According to the Washington Post "U.S. officials say Obama is intent on calibrating his comments to the mood of the hour." I think I understand the American Presidentï¿½s calibration better than I understand this overly-calibrated statement from the Post reporter. I also think those who chastise Obama for not saying enough or doing enough have to make a serious argument regarding exactly what should be said or done before their chastisement has any validity. So far they havenï¿½t done so. That an American President stands on the side of freedom, consent, and justice is true and in saying "the arc of the moral universe is long, but it bends toward justice," may be a rather elegant reminder that we stand for the laws of nature. Now we can dispute some of this, pull in some Lincoln, or John Quincy Adams, and so on; but by and large itï¿½s not a bad statement, and his comments might well be called prudent rather than "calibrated." But, again, all this is rather clearly disputable. What is not disputable, as a general point applicable to all cases, is that in giving the American view that we side with freedom and justice over injustice and force, we must not give the impression that we mean to interfere in all such cases. I have never thought, for example, that the Americans should have interfered in the Hungarian Revolution (or the Hungarian-Soviet War) of 1956. American interest was not necessarily involved. And the Suez Crisis, and our interests in that, should also be noted. That the American Congress can pass tough-sounding resolutions makes sense; they canï¿½t act, they are less responsible, so they can say anything. Statesmanship is less in play.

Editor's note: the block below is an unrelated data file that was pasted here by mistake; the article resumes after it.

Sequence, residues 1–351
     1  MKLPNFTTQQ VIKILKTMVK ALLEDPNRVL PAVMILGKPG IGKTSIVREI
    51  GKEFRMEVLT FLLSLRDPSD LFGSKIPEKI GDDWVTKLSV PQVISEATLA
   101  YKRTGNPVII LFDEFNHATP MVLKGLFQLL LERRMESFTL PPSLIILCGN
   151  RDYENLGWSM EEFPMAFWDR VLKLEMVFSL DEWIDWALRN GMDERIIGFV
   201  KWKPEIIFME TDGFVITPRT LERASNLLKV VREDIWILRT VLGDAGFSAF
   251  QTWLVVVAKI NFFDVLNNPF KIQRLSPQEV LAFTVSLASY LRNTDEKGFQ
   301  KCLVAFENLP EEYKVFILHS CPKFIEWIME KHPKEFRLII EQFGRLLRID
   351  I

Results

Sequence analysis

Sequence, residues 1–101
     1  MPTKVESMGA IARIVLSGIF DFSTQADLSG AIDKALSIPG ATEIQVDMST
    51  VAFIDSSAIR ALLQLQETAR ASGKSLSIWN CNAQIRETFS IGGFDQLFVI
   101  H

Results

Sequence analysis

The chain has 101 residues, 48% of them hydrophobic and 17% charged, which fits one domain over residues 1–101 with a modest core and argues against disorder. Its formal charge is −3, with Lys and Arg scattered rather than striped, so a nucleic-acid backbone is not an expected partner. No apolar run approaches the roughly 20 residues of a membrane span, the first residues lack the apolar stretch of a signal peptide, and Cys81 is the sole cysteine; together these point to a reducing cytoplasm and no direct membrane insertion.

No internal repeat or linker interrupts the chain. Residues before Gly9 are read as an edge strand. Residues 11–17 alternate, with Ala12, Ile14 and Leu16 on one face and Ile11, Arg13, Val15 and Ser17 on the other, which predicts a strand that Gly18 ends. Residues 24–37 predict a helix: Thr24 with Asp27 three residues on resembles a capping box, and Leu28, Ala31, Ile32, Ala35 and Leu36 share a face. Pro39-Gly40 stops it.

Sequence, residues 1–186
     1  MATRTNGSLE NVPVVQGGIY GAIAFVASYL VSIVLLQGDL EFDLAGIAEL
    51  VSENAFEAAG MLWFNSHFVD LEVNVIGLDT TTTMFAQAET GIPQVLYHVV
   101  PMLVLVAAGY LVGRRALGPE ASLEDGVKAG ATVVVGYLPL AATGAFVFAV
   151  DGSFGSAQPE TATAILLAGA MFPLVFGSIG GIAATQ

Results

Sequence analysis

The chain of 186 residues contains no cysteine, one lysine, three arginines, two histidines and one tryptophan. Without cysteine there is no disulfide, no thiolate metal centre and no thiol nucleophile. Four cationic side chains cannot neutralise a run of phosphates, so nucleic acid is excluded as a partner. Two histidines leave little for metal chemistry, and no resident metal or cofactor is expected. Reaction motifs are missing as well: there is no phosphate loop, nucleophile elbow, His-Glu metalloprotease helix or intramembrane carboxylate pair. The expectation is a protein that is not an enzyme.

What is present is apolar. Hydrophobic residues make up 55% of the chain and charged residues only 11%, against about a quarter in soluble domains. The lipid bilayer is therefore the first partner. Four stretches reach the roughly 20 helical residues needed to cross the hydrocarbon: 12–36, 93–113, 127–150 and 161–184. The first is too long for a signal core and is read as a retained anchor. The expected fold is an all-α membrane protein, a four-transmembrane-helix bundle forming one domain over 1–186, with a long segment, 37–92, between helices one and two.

While the above is disputable, the one thing that is not is how bad the news reports from (or on) Iran have been, especially since the "Supreme Leaderï¿½s" speech on Friday shutting down the possibility of all reform of the current regime. CNN has been on during most of the day since that speech, and although I have been doing other things I have also paid some attention: CNN knows very little and yet gives the impression that it knows more. The so-called news reports are almost entirely dependent on internet reports, bloggers, amateur video, etc. (almost always anonymous) and then commentary of one kind or another. There is never any confirmation of reports. They keep repeating that their reporters in country are not allowed to report, must stay in their hotels, and are at a great disadvantage. So what? This is a reason to stop doing your job? This is the time to use your in-country contacts, telephones, e-mail, or just sneak out of your room and see something with your own eyes, etc. Is any of this being done? As far as I can tell, Iranian women have more cojones than CNN reporters. Shame on them.
The impression that CNN gives is that the country is in the midst of a revolution, that regime change is just around the corner. I hope this is true, but I doubt it. This turmoil is a good sign, but I have yet to be persuaded that it will succeed. I wish it would. Iï¿½m always on the side of freedom.